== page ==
But in an extraordinary move shortly before the announcement, four of the IEBC’s seven commissioners disowned the results, with one describing the process as “opaque” but giving no details.

    The IEBC was under intense pressure to produce a clean and transparent vote after it faced stinging criticism over its handling of the annulled 2017 election.

    Chebukati, who was IEBC boss in 2017, insisted he had carried out his duties according to the law of the land despite “intimidation and harassment”.

    Any challenge must be made within seven days to the Supreme Court, which then has 14 days to issue a ruling.

    If it orders an annulment, a new vote must be held within 60 days.

    “The election is far from over,” Nic Cheeseman, a political scientist at the University of Birmingham in England, said on Twitter.

    “Expect a lot of controversy.

    Expect a court case.

    Expect this to run and run.

    ” If there is no court petition, Ruto will take the oath of office in two weeks’ time, becoming the fifth president since independence.

    But he will inherit a country already struggling with soaring prices, a crippling drought that has left millions hungry, endemic corruption and disenchantment with the political elite.

    While a host of African leaders congratulated Ruto, the US embassy instead issued plaudits to Kenya’s voters, while urging political rivals to settle their differences peacefully.

  •  Ruto wins Kenyan presidential election Buhari applauds exercise
    Ruto wins Kenyan presidential election, Buhari applauds exercise
     Ruto wins Kenyan presidential election Buhari applauds exercise
    Ruto wins Kenyan presidential election, Buhari applauds exercise
    Foreign3 days ago

    Ruto wins Kenyan presidential election, Buhari applauds exercise

    Deputy President, William Ruto, has won Kenya’s presidential election, the electoral commission chairman has said.

    He narrowly beat his rival, Raila Odinga, taking 50.

    4 per cent of the vote.

    The announcement was delayed amid scuffles and allegations of vote rigging by Odinga’s campaign team.

    Four of the seven members of the electoral commission refused to endorse the announcement, saying the results were opaque.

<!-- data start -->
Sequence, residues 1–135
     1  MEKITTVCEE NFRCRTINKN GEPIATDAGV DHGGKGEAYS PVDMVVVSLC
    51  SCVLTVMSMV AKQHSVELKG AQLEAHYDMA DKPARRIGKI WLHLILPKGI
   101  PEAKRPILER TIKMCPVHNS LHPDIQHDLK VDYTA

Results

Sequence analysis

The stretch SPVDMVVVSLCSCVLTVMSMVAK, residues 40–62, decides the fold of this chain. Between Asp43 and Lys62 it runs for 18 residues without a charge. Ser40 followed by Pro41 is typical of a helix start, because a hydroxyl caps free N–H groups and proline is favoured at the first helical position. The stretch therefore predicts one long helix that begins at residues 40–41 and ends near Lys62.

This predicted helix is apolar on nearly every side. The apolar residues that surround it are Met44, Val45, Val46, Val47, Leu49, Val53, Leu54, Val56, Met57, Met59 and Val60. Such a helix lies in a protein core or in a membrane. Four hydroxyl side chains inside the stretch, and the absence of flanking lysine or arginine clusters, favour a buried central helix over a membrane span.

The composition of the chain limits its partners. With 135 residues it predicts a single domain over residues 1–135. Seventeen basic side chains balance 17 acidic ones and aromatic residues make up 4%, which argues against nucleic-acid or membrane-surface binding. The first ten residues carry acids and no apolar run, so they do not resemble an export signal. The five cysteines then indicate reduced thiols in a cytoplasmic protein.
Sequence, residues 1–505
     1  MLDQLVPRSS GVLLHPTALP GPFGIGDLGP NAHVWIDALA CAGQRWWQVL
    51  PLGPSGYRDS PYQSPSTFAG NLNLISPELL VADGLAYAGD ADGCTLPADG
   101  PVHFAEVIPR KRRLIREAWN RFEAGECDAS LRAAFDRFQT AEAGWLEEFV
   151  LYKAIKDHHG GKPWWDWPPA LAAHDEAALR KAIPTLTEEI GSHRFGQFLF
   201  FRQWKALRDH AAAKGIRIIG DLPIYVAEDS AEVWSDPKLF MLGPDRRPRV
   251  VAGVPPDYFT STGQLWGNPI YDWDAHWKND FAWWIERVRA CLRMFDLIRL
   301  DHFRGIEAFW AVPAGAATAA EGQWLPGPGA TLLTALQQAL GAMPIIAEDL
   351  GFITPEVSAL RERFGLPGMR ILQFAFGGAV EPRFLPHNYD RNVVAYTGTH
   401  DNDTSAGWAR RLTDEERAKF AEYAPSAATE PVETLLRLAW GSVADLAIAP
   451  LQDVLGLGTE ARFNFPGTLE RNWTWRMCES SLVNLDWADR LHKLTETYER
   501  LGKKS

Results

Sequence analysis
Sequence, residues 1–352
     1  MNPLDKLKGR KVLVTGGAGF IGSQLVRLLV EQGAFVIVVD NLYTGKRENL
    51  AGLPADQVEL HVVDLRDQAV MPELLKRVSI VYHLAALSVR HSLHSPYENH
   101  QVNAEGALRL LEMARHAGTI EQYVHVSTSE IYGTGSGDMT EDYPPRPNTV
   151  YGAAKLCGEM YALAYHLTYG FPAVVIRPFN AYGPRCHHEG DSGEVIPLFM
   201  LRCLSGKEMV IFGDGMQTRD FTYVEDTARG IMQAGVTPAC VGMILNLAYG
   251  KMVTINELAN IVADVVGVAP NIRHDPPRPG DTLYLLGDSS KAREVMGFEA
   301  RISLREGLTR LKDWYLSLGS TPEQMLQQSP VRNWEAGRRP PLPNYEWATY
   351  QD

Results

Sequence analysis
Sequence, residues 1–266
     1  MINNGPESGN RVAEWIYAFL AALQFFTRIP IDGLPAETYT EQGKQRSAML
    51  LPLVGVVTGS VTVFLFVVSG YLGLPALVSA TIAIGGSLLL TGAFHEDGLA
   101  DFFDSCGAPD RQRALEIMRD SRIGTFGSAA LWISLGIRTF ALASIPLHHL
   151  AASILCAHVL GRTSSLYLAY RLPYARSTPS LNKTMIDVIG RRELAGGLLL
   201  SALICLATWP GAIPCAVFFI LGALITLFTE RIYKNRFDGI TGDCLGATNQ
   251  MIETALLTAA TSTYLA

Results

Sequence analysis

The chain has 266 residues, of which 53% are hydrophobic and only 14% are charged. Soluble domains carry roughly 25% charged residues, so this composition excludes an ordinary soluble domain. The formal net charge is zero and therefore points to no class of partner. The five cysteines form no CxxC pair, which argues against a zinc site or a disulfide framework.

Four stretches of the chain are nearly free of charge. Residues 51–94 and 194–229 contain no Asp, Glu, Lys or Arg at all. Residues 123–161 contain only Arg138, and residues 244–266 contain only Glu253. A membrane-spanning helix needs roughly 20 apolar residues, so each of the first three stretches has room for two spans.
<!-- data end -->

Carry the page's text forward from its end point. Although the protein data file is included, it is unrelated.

“We cannot take ownership of the result that is going to be announced because of the opaque nature of this last phase of the general election.

    “We are going to give a comprehensive statement…and again we urge Kenyans to keep calm.

    There is an open door that people can go to court and the rule of law will prevail,” said Juliana Cherera, the vice-chairperson of Independent Electoral and Boundaries Commission (IEBC).

    Odinga’s party agents earlier alleged there were irregularities and mismanagement in the election.

    This is the first time Ruto, 55, has run for president.

    He has served as deputy president for 10 years, but fell out with President Uhuru Kenyatta, who backed Odinga to succeed him.

    Ruto, during the election, pledged: “I will run a transparent, open and democratic government.

    I want to promise all the people of Kenya, whichever way they voted, that this would be their government.

    ” MEANWHILE, President Muhammadu Buhari has congratulated Ruto on his victory.

    He also commended the people of Kenya for the peaceful and transparent outcome of the elections.

    Buhari said Nigeria values Kenya as a strategic partner in the fight against terrorism and violence extremism, buoyed by a long history of friendship, economic and trade ties, and effective collaboration through international organisations, such as the African Union, the United Nations and the Commonwealth.